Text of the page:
Part of cannabis and investing
A major deal in the cannabis sector has proved so confusing that the target, U.S. company Acreage Holdings Inc., has decided to address investors in writing about its potential acquisition by Canadian giant Canopy Growth Corp.
In an unusual letter to shareholders, Acreage CEO Kevin Murphy drafted responses to frequently asked questions about “the innovative and novel structure of the transactions proposed.” The hope, he said, is that a fuller explanation will help investors “see the forest through the trees.”
Earlier this month, Canopy said it would pay US$300-million to secure the right to buy Acreage should federal marijuana laws change in the United States. Canopy agreed to pay US$3.4-billion for Acreage in the future, based on where its own shares were trading at the time of the agreement.
The deal has drawn attention because it was the first by a large Canadian cannabis company looking to expand into the United States. The assumption is that it could pave the way for future cross-border transactions.
However, the terms are complicated. The transaction is structured as a call option that does not expire for 7½ years. If it is approved by shareholders in June, Canopy will only pay the US$300-million unless the United States relaxes its laws around cannabis, which is still a Schedule I illegal drug in that country.
The overwhelming majority of Acreage shareholders are retail investors – a common feature of cannabis companies. In his letter, Mr. Murphy acknowledges that some shareholders are struggling to wrap their heads around the deal, which helps explain why Acreage’s stock price has not substantially moved since the transaction was announced. Canopy agreed to pay a 42-per-cent premium in the event of a full-blown takeover – again, based on where the shares were trading at the time of the announcement.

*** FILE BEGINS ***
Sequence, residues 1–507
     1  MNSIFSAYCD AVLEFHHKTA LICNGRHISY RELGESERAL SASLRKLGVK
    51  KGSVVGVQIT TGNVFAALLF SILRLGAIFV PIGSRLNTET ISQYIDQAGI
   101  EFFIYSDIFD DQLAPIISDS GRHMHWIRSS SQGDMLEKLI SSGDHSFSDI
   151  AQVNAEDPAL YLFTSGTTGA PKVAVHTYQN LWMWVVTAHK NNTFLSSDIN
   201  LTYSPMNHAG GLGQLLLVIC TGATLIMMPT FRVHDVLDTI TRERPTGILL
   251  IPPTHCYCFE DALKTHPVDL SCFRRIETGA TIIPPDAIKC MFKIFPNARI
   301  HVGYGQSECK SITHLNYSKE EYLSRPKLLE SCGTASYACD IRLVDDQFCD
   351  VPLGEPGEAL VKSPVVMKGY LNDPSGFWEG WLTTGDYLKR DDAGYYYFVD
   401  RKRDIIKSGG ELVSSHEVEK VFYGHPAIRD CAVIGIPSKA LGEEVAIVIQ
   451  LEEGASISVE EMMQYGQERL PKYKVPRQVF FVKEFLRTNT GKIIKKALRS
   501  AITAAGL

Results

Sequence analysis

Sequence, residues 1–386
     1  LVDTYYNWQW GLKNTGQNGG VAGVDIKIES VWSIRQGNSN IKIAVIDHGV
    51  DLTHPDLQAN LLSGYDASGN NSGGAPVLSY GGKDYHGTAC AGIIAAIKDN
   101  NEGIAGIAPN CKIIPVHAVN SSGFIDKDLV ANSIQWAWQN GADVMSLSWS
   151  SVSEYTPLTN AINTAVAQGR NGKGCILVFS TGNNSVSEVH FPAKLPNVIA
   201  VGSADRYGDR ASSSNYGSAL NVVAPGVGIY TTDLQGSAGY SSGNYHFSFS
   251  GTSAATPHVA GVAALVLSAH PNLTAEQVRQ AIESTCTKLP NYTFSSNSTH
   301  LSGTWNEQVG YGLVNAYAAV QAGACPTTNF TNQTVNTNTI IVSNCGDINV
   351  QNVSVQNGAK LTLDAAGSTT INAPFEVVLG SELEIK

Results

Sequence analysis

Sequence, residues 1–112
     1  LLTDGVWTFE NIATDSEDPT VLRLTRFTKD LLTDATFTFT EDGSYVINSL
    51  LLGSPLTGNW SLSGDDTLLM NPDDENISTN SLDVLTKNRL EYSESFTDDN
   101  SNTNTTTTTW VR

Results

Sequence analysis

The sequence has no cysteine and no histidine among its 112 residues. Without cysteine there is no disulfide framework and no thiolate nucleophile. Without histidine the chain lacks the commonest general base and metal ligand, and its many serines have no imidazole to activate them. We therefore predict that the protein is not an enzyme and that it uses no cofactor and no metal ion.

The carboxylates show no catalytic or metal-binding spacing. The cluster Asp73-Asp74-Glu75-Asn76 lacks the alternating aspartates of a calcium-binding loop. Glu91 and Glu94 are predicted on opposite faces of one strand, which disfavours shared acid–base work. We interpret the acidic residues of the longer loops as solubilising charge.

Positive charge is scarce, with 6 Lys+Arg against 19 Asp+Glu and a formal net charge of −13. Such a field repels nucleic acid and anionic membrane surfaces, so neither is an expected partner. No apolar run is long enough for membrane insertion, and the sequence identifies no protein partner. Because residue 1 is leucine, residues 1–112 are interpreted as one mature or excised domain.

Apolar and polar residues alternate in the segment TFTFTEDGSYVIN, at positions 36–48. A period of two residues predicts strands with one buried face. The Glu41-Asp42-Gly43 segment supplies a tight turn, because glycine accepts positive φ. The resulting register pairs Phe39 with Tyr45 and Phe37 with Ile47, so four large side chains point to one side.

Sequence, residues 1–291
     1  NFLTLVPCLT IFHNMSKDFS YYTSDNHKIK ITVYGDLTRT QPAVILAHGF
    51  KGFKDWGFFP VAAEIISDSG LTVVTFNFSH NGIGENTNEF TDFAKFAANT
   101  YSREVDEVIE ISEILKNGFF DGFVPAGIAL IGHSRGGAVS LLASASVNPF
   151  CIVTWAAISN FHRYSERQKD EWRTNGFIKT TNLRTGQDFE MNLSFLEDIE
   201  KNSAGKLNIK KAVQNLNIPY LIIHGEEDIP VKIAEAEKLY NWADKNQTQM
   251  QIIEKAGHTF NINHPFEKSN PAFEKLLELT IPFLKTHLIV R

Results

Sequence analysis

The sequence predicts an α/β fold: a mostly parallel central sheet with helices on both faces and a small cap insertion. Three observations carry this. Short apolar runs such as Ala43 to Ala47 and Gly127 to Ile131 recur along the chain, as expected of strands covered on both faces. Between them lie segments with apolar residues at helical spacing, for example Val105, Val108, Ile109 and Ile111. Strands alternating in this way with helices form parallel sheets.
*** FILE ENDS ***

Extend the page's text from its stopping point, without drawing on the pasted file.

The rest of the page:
Acreage is largely controlled by Mr. Murphy through his multiple voting shares, but the deal terms stipulate that two-thirds of holders of the company’s publicly-traded subordinate voting shares must give their consent.
When the deal was announced, Canopy and Acreage talked up the potential. For Canopy, the deal offered a bridge to the U.S. market, and Acreage has a reputable team. Its board members include former prime minister Brian Mulroney and former U.S. speaker of the House of Representatives John Boehner.
For Acreage, the deal secured a potential takeover by one of the most respected cannabis producers in the world. In an interview, Acreage spokesperson Howard Schacter described this as the "incredible upside of hooking our wagon up to a company like Canopy.” And in the meantime, Acreage would be able to license Canopy’s retail brand names.
But in the formal arrangement agreement, Acreage disclosed that it must abide by certain deal covenants. It cannot reorganize or “materially change its business or regulatory strategy" without approval from Canopy. It also loses some control over compensation, because it cannot be “materially inconsistent” with what Canopy decides to pay its own staff.
Theoretically, these handcuffs were priced into the financial model that was used to calculate the option value embedded in the transaction. However, some details are more symbolic than others, and in an interview Canopy vice-president Jordan Sinclair said the US$300-million upfront payment is largely a “sweetener" for Acreage shareholders because they’re “voting for an option" instead of an immediate takeover.
Details of the negotiations between the two companies will be available in the takeover circular.
For its part, Canopy has agreed not to acquire any other U.S. cannabis companies that do not comply with federal laws. However, Mr. Sinclair said neither party is expecting the next development in this relationship to take 7½ years to occur.
As an example, he noted that more than half of all U.S. states have legalized cannabis for either medical or recreational use and Congress is considering legislative changes that would either legalize the drug or offer protection to states that have legalized it. If such legislation is passed, Mr. Sinclair said, that "could give us the confidence that we need to pull the trigger” on the full-blown takeover.
However, he added, any decision will have to be run by all stakeholders, such as banks and stock exchanges, and they may have different views. “Those opinions are incredibly important to us," he said.